France wants tax on ecommerce to protect city centers
The Senate in France wants to introduce a tax on ecommerce. More specific, on deliveries from ecommerce companies to online consumers. The upper house of the French parliament wants to do this to protect city centers and smaller businesses across the country.
The initial idea was for the tax to be 50 euro cents per kilometer the package travelled. But now a different tax system was proposed: it ranges from 1 percent of the purchase price (for deliveries where the distance between the last storage warehouse and the customer’s address is less than 50 kilometers) to 2 percent (if the distance is more than 80 kilometer), but there’s always a minimum of 1 euro, even for small packages and very short deliveries.
The tax won’t apply to deliveries with non-polluting means of transport, retailers with a turnover of less than 50 million euros, local agricultural producers and books.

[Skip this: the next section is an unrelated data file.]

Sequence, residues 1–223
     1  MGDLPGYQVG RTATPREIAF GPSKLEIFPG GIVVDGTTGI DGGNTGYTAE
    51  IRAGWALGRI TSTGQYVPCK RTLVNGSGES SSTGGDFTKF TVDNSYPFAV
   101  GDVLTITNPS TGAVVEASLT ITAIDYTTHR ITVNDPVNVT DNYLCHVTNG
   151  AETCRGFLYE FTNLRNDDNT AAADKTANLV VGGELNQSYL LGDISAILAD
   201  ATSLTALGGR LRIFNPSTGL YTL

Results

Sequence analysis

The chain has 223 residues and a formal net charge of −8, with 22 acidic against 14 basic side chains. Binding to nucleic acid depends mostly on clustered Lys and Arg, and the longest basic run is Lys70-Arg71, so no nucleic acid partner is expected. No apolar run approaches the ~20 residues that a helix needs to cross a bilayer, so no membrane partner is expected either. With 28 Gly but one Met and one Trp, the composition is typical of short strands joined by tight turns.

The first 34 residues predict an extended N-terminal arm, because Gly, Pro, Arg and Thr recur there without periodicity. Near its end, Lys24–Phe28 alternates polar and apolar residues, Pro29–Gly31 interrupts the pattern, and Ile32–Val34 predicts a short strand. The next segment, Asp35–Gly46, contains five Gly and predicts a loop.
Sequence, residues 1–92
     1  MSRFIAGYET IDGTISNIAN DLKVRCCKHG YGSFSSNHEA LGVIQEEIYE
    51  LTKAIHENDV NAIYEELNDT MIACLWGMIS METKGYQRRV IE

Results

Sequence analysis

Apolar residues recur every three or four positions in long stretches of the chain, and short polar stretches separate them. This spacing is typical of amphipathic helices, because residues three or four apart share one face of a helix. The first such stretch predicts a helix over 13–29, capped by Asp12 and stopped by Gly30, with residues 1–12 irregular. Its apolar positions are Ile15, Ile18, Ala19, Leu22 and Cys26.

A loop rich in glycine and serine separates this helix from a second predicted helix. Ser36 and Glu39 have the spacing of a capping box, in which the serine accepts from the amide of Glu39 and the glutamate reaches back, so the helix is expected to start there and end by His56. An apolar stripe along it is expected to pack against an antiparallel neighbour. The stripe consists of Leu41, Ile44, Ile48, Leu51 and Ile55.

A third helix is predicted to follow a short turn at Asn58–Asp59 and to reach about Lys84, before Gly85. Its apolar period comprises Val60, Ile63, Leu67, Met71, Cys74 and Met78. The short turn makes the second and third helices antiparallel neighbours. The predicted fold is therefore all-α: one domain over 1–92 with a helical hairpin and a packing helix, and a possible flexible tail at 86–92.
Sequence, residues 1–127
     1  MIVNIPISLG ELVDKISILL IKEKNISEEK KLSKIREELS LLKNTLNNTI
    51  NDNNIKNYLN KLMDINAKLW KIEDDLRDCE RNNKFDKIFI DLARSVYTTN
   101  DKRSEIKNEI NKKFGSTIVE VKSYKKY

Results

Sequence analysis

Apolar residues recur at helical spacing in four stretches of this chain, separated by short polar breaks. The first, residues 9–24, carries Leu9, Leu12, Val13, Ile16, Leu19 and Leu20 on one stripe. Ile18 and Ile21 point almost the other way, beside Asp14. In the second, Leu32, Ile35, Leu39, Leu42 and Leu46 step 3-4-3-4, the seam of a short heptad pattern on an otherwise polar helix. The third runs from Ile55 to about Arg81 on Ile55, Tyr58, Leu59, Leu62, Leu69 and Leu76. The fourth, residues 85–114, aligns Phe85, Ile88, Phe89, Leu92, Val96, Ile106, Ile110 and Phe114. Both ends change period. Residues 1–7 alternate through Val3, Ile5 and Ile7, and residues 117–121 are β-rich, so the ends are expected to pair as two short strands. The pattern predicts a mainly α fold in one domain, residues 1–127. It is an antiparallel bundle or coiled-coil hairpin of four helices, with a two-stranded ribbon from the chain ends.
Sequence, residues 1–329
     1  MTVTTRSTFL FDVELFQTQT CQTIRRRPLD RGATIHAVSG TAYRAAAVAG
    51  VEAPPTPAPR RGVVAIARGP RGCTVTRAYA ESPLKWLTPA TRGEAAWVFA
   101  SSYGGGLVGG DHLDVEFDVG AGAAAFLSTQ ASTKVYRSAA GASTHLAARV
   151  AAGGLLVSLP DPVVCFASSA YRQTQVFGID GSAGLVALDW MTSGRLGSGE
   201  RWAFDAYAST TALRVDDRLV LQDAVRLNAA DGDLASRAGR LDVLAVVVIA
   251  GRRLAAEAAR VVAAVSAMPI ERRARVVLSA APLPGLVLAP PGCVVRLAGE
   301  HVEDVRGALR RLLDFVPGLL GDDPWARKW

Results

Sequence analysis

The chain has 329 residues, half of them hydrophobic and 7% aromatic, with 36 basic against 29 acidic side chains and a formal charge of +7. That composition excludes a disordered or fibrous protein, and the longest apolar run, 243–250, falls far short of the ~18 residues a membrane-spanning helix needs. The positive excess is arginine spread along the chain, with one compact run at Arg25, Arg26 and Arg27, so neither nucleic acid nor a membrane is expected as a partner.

‘Rise of ecommerce has consequences’
“Everyone agrees that ecommerce companies, especially the larger ones, benefit from unfair tax conditions compared to physical retailers”, the State’s proposal reads. “The rise of ecommerce, with delivery conditions that are very favorable and increasingly close to free, has consequences in terms of car trips, generating various kinds of pollution and will also lead to excessive use of infrastructure.”
Tax rule will also hit local retailer
French newspaper Le Figaro spoke with Michael Levy, CEO of delivery service Deliver.ee, who criticizes the proposed tax rules. He thinks the measure would not only affect large foreign ecommerce companies, but also French successes such as Vente-Privée.com or Cdiscount.